- Beware of access and privacy. Sexually abusive acts do not occur in specific places, like back alleys, but in locations where two elements exist—access and privacy, Sax says. Predators seek opportunities to be with children—at afterschool tutoring, giving rides home, or paying a teen to do yard work, for instance. “Parents should ask themselves, ‘Why is this person willing—or even wanting—to spend so much time with my child?’” Sax says.
- Trust your intuition. Rationalizing a sexual-abuse situation is common—and dangerous. “Our minds often don’t want to go ‘there,’ to the possibility that this person is an abuser,” Meyer says. “We need to recognize and to accept what we feel and see.”
People often don’t report a highly trusted and visible individual for fear of ruining his reputation. However, Meyer says, “I would rather inconvenience the life of one adult than devastate the life of a child.”
- Talk about it. There’s no magic age to begin safety discussions with your children to help prevent sexual abuse, says Sax. And depending on their ages, it can be helpful to talk to your children together about sexual abuse.
“Siblings can then hold each other accountable, and help to keep one another safe,” says Meyer. “They can warn, ‘Remember what mom told us?’ Children can place expectations on one another.”
- Discuss with your children that their body is their own, and that nobody can touch them without their permission, Sax says. Emphasize that “no” means “no,” and anybody who refuses to respect that should be considered dangerous and reported to the police. Also talk about alerting a grown-up before answering the door in your home; knowing whom to approach if lost (such as another mom); and learning what to scream if someone attempts an abduction (“You are not my Dad! Help!”).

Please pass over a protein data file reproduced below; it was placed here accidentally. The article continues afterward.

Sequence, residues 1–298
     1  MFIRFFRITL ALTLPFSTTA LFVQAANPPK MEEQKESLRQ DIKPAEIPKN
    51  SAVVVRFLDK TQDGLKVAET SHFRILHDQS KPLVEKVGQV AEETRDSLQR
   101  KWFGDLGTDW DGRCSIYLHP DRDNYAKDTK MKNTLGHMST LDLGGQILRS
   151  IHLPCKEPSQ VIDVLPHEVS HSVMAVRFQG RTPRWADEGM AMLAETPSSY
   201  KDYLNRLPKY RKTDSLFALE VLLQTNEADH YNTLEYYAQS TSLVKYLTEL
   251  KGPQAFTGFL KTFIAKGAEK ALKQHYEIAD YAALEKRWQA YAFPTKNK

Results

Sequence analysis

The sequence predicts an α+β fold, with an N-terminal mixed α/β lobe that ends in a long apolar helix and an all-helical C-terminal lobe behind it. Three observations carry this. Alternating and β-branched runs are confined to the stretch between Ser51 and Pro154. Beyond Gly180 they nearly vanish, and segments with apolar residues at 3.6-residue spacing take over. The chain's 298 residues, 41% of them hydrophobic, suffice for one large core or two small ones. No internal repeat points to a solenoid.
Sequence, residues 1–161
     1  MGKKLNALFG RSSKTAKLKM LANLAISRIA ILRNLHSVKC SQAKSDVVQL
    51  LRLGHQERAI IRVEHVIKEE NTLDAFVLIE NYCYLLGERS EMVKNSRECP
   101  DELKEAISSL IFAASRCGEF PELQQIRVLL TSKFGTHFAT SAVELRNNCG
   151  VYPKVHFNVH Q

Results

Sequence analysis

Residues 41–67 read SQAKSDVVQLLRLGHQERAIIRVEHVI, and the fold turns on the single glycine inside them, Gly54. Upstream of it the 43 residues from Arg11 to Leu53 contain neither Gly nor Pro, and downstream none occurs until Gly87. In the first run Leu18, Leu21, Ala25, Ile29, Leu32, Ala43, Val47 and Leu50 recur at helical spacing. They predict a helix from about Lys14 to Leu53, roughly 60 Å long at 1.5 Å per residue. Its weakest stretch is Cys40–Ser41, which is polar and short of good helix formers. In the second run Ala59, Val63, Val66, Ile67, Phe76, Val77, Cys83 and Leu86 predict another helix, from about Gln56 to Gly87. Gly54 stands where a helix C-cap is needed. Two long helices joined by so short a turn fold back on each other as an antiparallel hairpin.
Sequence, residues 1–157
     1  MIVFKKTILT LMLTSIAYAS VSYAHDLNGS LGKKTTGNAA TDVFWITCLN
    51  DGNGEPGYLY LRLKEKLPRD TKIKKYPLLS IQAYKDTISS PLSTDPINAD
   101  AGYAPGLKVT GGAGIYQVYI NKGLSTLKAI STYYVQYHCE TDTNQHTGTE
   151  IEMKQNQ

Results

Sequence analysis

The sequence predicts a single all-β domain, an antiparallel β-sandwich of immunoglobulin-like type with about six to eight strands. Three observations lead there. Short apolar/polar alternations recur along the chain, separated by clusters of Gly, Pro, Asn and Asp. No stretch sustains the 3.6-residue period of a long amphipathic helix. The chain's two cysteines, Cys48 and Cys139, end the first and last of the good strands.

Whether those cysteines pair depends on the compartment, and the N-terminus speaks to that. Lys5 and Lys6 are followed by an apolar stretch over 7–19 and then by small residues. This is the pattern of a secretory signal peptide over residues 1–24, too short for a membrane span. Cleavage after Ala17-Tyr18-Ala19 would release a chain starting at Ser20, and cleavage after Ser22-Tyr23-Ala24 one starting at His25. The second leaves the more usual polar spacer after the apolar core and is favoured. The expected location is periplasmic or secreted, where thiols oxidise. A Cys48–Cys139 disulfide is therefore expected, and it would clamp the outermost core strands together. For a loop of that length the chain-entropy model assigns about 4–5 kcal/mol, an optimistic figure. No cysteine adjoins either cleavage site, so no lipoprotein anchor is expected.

- Before a trip, talk about meeting places if you get separated, whom to call for help, and what kids should do if they get lost, Sax says. Begin teaching key telephone numbers to children 5 and younger, for mom and dad’s cell, the home phone, grandparents, and caregivers.
- Keep the lines of communication open. “We need to let our children know that they can come to us any time, without fear or embarrassment,” Sax says. “If they have been touched inappropriately, they should know that it is never their fault.”
After the Fact
When a child runs a high fever or breaks a bone, most parents remain relatively calm. Why? Because they know where to take their child to the doctor and have mentally prepared themselves for the bumps and bruises of childhood. Reacting to child sexual abuse must be the same, Meyer says. “As hard as it may be, do not react to what your child is telling you. When you begin to show fear or anger, your child may shut down.”
Be aware that few reported incidents of sexual abuse are false. Listen to your child. Trust your child. Listen to your own instincts and teach your child about listening to her inner self as well. If your child begins to act outside his normal realm of behavior, pay attention and ask questions.
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Kim Seidel is a wife, mother of two daughters, and an award-winning writer on parenting issues.